‘Stars’ are visible without the aid of a telescope

I was catching up on some casual reading over the weekend and I noticed that the same people seemed to appear on the pages of every magazine I flipped through. It occurred to me that many of these celebrities weren’t any more talented than their peers—they just seemed to have the right publicist.


It can be like that at work, too. Often, the same people seem to be on all the major task forces and committees. Their peers wonder why these colleagues seem to get all the choice projects, while they toil in the same roles year after year. Are these stars more competent—or do they do a better job of managing their own publicity?


Now, don’t roll your eyes and sniff, “I’m not going to be one of those publicity hounds!” Never fear, that’s not what I’m suggesting. What I am advocating is that you take some practical steps toward managing your own reputation. You need to make some key people aware of your starring roles and winning performances.


·        Billboard your accomplishments.


It’s not enough to do a good job and hope for the best. Who knows about it? Even Michael Douglas shows up on the late night TV circuit when he has a movie to promote. Even if your boss is actively promoting your accomplishments (which is rare indeed), it’s not enough. You have to take responsibility for managing your own positive press.


For example, when you are working on a project, don’t be shy about asking a few influential people for input. It’s a great way to network and it gives you the opportunity to show them what you can do.


When you produce a report, or get results on a topic that may be of interest to others in the organization, find a way to get it in front of them. It may be a simple e-mail attachment with a note, “Thought you might be interested…” (Before you say, “Duh!” you’d be surprised how few people actually take the opportunity to do this.)


·        Act like you’re on the casting couch, even when you’re not.


Chances are, you talk about your accomplishments when you are job hunting, more than any other time. Most people just don’t feel comfortable talking about their successes at work. We were taught by our well-intentioned mothers not to brag about ourselves. This is counterproductive in the career department, however.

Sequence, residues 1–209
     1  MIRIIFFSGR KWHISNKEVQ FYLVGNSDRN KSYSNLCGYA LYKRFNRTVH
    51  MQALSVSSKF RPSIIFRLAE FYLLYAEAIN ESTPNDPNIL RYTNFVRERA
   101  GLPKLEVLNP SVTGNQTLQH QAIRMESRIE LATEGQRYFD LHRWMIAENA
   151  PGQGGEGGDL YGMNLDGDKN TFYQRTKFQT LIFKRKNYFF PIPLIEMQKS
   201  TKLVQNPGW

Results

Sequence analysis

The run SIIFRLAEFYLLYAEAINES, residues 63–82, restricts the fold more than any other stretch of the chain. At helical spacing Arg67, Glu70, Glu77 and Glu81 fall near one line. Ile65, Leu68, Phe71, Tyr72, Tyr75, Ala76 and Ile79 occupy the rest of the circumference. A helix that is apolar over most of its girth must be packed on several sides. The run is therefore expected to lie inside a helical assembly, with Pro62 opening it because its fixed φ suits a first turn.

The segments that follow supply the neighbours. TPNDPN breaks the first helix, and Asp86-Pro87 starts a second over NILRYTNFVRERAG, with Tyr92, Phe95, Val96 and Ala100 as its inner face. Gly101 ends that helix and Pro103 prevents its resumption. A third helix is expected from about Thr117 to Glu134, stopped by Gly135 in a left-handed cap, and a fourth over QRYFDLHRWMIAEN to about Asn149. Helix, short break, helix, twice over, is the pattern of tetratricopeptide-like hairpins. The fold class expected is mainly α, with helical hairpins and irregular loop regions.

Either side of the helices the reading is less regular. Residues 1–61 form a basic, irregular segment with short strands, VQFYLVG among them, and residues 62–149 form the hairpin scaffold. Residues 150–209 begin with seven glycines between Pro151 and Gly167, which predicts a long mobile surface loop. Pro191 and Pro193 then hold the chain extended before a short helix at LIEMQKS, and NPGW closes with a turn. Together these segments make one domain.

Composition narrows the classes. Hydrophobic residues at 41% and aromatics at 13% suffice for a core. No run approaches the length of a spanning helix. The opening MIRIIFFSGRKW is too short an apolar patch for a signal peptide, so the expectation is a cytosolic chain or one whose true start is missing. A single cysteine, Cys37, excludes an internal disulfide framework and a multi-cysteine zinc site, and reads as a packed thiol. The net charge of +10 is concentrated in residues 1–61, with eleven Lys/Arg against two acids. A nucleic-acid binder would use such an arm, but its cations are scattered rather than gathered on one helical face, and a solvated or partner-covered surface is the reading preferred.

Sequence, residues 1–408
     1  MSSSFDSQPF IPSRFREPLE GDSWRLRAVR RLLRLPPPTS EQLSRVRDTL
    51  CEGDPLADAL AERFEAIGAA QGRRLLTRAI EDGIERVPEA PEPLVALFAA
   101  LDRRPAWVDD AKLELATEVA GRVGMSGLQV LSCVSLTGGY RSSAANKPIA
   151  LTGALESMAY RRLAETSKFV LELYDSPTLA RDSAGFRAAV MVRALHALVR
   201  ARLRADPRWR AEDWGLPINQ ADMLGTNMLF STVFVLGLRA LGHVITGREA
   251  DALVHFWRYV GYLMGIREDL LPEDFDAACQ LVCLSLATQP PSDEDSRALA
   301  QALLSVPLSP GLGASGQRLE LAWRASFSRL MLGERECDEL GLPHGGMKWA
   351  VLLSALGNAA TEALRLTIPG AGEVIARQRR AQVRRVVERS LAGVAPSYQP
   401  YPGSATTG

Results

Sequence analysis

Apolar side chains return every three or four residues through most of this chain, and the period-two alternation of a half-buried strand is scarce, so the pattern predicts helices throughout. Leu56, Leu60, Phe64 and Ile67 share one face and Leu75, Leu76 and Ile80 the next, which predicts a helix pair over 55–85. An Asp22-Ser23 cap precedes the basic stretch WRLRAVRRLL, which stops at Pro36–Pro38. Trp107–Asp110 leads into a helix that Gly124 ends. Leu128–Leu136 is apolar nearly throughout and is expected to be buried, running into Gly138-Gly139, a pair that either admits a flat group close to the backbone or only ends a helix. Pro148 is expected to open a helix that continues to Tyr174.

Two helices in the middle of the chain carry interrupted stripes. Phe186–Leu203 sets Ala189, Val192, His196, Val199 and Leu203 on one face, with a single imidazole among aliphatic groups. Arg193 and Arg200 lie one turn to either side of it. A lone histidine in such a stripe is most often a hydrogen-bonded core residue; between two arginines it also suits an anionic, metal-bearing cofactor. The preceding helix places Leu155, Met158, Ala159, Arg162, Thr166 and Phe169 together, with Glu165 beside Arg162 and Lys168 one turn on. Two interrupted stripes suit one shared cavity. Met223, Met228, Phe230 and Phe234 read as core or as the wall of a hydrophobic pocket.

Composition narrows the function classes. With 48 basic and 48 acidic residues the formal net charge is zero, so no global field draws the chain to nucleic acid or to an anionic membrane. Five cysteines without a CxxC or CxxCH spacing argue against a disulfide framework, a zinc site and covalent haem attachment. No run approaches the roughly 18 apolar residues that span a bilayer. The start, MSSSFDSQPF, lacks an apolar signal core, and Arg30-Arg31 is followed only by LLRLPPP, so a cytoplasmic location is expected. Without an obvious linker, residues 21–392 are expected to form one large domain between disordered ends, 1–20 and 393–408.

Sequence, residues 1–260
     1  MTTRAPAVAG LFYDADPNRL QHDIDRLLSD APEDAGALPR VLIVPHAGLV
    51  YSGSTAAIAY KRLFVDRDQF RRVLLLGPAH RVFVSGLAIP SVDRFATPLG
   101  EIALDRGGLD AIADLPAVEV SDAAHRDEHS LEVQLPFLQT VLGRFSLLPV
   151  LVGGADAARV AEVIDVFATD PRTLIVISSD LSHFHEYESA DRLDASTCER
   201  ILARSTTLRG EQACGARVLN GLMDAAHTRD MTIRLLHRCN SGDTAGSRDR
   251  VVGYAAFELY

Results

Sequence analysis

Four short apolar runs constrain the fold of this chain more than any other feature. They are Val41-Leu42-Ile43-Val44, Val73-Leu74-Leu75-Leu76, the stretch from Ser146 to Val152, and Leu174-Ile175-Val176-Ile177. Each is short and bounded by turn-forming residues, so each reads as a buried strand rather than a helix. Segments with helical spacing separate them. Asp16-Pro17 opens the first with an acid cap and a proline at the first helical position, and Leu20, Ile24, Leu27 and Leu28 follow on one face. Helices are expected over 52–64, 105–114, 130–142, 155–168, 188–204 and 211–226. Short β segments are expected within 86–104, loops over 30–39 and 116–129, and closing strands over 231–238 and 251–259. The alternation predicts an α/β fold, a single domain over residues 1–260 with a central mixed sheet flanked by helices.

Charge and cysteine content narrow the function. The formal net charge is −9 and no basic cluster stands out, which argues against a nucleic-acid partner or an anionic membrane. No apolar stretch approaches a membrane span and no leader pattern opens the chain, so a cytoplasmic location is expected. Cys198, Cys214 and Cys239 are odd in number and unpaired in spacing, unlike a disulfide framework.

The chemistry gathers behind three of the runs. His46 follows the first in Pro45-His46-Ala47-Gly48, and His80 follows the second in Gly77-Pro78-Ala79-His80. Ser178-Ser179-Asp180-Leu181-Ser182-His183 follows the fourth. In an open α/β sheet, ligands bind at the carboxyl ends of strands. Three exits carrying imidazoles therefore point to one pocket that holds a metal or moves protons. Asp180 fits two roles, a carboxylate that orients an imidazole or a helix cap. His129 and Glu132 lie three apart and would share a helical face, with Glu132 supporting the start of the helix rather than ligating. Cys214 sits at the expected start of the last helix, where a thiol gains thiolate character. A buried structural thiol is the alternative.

One way to showcase your work, without sounding boastful, is to simply tell a short mini-story about an interesting project that you are working on. Share how you are approaching it and why you feel so enthusiastic about it. Rather than turning off your listener, it will stimulate more conversation and leave the person impressed with your enthusiasm and talent for your work.


Instead of seeking out people you know at conventions and monthly professional dinners, make it a point to introduce yourself to at least one new person. Ask them about their work and take the opportunity to share a mini-story of your own. So often at a conference, we never get beyond name, title and company name. A lively discussion will deepen the relationship and cause them to remember you.


·        All the world’s a stage.


Sign up for the picnic committee and volunteer to sit at the registration desk. Offer to make a presentation to your department about your team’s new project. Put your hand in the air as the person who will take on extra duties—whether it’s stapling packets or working until 7 p.m. to get a project done. Get yourself on the stage and you will have a greater chance to being “discovered” as the next great star.

Joan Lloyd is a Milwaukee based executive coach and organizational & leadership development strategist. She is known for her ability to help leaders and their teams achieve measurable, lasting improvements. Joan Lloyd & Associates, specializes in leadership development, organizational change and teambuilding, providing: executive coaching, CEO coaching & leader team coaching, 360-degree feedback processes, retreat facilitation and presentation skill coaching and small group labs. Contact Joan Lloyd & Associates at (414) 573-1616, mailto:info@joanlloyd.com, or www.JoanLloyd.com 
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